Microsoft's File and Print Services for NetWare (FPNW) is a key component of its strategy for penetrating Novell's NetWare environments. Under this strategy, Windows NT Server can operate concurrently as a standard Microsoft server and as a NetWare file and print server. This allows existing NetWare 2.x and 3.x clients to access both the NT server and existing NetWare servers without making any changes in the client software.
FPNW is composed of three critical components:
- NetWare file-server emulation--This component allows NT Server to emulate the file-serving portion of a NetWare server. Specific directories on the NT server can be mapped to the NetWare volumes.
- NetWare print-server emulation--This component allows print originating from NetWare clients to be handled by the NT Server spooling system. The print-server component can also direct output to other NetWare print servers, enabling native NT Server clients to access NetWare printers.
- Migration Tool for NetWare--This component performs a one-time migration of account and resource information from a NetWare server. It handles user, group, and resource information, as well as security settings and logon scripts. NetWare users can be added or changed through the standard NT Server User Manager tool. (You can purchase this tool separately.)
Microsoft's Directory Service Manager for NetWare provides functionality similar to that of the migration tool, but it also takes any changes made to the NetWare user information back to a NetWare server. (See the sidebar "Keep in Synch" for more information on the Directory Service Manager.)
In addition to these three components, FPNW includes extensions for the Windows NT File Manager, Print Manager, Server Manager, and User Manager for Domains. These extensions enable you to create and manage NetWare users and resources. The FPNW extensions are installed automatically on the server; you can install them on a workstation if you want to manage the information remotely.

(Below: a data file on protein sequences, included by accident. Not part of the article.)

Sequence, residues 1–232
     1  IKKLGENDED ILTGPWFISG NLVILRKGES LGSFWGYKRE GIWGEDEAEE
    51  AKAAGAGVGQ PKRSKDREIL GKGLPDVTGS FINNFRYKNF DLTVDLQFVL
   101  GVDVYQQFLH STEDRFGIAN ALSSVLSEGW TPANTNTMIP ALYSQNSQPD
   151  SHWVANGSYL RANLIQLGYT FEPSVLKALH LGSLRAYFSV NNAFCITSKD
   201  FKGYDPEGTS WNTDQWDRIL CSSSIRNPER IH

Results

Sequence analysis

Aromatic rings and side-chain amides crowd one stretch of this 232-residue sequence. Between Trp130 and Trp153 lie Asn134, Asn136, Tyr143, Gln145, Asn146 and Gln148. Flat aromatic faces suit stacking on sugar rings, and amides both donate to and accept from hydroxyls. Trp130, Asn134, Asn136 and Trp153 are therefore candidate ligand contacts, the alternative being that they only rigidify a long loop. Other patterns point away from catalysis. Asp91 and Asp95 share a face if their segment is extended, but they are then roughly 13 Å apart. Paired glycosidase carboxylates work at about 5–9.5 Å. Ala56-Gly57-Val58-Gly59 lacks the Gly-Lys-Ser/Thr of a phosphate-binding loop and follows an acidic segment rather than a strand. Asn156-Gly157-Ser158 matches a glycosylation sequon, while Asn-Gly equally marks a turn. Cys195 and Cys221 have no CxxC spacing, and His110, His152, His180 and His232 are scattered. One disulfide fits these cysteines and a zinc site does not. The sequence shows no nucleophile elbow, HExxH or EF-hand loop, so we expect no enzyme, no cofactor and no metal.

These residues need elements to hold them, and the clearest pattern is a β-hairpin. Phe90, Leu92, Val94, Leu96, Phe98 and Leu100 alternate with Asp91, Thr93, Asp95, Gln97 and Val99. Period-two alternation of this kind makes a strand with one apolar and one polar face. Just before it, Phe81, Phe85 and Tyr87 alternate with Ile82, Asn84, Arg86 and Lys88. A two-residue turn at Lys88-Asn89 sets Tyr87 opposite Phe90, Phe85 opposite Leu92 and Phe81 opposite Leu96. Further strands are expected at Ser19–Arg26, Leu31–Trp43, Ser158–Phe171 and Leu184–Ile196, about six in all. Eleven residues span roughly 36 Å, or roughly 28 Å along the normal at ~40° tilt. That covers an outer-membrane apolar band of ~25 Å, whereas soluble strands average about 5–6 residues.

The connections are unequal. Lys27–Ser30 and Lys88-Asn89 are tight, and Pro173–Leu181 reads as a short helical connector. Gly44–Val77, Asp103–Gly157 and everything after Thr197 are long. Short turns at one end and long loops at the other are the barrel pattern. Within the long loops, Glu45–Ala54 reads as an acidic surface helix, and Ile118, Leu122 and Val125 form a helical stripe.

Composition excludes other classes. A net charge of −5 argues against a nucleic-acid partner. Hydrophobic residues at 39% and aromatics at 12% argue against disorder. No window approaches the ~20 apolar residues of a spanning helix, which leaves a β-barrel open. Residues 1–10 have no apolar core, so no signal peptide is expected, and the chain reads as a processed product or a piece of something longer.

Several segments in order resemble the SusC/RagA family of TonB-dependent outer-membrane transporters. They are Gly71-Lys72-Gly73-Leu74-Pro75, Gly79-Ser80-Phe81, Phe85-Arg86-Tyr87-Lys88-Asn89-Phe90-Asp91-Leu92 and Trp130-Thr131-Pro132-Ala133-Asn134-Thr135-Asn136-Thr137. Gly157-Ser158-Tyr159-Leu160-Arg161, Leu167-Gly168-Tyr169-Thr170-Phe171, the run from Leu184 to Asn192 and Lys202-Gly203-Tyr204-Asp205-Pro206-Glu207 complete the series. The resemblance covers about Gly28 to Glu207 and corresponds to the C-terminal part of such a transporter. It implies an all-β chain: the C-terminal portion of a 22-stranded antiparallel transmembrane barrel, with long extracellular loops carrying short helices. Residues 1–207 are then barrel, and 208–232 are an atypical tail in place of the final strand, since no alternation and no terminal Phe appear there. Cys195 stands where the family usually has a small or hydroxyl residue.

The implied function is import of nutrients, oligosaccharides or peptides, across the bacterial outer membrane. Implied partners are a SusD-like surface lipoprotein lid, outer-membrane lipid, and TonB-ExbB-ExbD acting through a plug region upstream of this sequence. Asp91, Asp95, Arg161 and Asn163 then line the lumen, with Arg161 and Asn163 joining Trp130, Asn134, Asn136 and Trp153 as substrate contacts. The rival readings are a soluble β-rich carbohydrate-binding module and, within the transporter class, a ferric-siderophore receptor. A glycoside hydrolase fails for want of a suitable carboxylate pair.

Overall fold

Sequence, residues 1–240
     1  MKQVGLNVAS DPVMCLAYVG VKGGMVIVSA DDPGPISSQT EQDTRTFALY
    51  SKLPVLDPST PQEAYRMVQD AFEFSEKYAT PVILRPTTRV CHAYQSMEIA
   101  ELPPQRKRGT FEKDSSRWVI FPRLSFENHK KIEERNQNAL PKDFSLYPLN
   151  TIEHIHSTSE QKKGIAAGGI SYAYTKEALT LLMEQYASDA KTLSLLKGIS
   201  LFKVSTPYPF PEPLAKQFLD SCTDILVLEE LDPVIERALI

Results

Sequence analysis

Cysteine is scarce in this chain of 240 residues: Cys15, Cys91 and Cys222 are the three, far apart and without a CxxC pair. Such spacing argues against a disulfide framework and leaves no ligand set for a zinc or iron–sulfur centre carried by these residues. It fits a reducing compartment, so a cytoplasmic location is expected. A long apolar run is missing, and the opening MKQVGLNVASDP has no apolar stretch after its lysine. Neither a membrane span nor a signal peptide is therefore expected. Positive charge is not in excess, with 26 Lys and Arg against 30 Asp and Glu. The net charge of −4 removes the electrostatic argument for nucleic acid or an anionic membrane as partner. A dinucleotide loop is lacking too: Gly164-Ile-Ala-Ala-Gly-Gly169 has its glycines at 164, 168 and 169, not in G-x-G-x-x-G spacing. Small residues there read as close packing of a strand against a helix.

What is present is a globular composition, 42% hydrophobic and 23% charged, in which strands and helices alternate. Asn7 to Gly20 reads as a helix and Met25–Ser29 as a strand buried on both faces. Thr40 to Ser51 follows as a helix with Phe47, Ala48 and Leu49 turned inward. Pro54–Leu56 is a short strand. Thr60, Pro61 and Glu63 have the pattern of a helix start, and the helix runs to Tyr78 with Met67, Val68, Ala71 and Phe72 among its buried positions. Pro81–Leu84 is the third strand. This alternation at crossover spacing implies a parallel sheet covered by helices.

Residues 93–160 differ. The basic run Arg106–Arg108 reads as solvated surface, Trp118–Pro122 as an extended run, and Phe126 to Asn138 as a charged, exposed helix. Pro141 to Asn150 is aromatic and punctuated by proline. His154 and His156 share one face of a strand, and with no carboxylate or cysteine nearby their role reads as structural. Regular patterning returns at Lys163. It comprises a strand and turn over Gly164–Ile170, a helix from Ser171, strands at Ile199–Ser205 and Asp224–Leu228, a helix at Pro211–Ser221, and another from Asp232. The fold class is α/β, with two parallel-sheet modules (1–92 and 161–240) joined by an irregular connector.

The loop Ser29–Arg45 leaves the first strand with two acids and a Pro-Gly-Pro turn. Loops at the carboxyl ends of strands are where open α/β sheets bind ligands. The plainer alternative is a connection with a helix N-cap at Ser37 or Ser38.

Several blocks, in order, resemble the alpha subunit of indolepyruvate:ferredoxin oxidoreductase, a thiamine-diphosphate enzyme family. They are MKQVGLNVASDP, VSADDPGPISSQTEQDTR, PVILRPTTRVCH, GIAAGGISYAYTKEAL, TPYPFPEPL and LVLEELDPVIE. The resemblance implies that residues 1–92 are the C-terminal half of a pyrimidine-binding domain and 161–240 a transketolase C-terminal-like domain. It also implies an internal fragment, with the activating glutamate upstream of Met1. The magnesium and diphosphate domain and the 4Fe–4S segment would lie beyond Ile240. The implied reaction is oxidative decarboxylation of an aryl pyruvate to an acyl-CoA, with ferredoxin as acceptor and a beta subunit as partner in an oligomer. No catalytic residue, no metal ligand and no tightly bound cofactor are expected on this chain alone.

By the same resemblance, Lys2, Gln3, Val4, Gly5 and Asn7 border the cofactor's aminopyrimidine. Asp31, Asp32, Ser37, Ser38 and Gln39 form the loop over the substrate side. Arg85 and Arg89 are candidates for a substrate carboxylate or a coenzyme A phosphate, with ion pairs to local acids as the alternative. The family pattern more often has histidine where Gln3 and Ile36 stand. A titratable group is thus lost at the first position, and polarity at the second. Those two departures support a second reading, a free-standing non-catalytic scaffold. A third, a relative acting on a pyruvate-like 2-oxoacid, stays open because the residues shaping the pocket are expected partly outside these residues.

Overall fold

Coexist or Conquer
You can use FPNW to create a coexistence environment where NetWare servers operate side-by-side with NT servers. You may have no choice but to coexist if you use mission-critical NetWare Loadable Modules (NLMs), which aren't supported by FPNW or any other equivalent product. You can, however, use FPNW to replace a NetWare server with an NT server. In this case, FPNW can migrate all the data from the NetWare server so you can shut it down.
The FPNW migration process has three steps:
- Install FPNW as a "test" NetWare server--Don't let production users access it, but make sure it can be accessed from typical NetWare client configurations.
- Use the migration tool to migrate the user/group information and copy all the volumes (including the files) from the production NetWare server.
- Turn off the production NetWare server and reconfigure FPNW so it uses the name of that server and provides the same volume mount points.
When this process is complete, existing NetWare clients will boot up as usual, but they will access the NT server instead of the NetWare server. You can repeat this migration process for each of the NetWare servers on the network.
After you have migrated all the targeted NetWare servers to NT servers running FPNW, you can leave the existing NetWare clients alone, or you can slowly migrate them to the native NT Server client environment. Because the native services can operate over Novell's Internet Packet eXchange (IPX), no changes to the physical network are required--all routers, hubs, and intelligent bridges can remain in place.
In the Lab with FPNW